|07-10-2009, 05:02 AM||#2 (permalink)|
Join Date: Nov 2006
The absolute best course? Wow. There are books about this stuff. That's a tough question to answer.
Well, a conversation involves talking and listening. To be a good talker one must be a good listener. Here's my take on listening.
Listening: Generously listen to the person who you are talking with and show a true genuine interest for who he/she is and what he/she is saying in the most honest, open and friendly manner possible.
Genuine listening also involves suspending your own judgments and agendas so you can be right there with the other person. Oh, how we love to give our opinions and advice when they are not asked for.
One neat trick i like to do is to visualize an invisible room that blocks out the rest of the world when i really want to truly listen to someone.
When you are a pool of appreciation and acceptance, conversation just flows. You are making the other person feel at home.
Keep your eyes on the person's face. You are listening to him/her with great attention, remember?
There are so many little things. But listening, i find, is of vital importance.
|07-10-2009, 07:05 AM||#3 (permalink)|
Join Date: Aug 2007
Location: Los Angeles
A good course on effective communication is difficult to come by.
I have to say the best class I ever took was with Professor Marde Gregory.
It would be impossible to recount the entirety of the class, but Marde did a wonderful job of exposing and breaking down a lot of common, bad communication habits, while showing the class how to effectively communicate. Rather than lecture, the 2 hour class met and we literally talked for the entire class. Our subjects would range from day to day, but Marde was sure to provide an excellent example and suggest improvements for each of us.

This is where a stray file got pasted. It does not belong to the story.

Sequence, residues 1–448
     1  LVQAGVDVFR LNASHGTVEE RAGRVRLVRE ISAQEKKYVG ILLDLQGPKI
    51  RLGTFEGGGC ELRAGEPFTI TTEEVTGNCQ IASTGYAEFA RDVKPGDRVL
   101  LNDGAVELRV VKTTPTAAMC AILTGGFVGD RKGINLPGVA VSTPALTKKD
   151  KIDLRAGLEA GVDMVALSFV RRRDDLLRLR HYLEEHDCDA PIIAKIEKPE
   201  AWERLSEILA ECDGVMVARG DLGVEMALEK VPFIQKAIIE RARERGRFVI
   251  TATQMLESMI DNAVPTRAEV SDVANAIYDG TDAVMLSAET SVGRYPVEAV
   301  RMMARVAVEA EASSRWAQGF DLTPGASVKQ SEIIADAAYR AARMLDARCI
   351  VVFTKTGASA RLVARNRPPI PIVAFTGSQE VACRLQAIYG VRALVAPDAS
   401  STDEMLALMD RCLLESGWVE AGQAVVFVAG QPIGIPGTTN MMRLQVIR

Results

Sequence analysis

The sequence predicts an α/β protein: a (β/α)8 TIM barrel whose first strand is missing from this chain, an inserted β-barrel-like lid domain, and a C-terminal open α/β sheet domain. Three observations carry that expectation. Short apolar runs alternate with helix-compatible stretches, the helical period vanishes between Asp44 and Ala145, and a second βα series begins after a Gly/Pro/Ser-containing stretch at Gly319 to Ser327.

The number one thing she said people forget to do is to LISTEN. Listening means not just hearing the words, but it means to actively pay attention, to actively remember what is said, to think critically about what is said, and then to formulate a response. Many people get in arguments where either side practically ignores the other, and is so set on telling their part of the story that they never bother to listen to what the other side has to say.
One thing I really took out of that class is an appreciation for quality of communication over quantity of communication. Marde speaks slowly and clearly, often pausing and taking time to respond. This is because every word said is done so deliberately, after thinking about the message.
The most frequent breakdown in communication is misunderstanding between the parties involved. I find that I rarely meet a person who I can't have a great conversation with as long as we each remember to listen.
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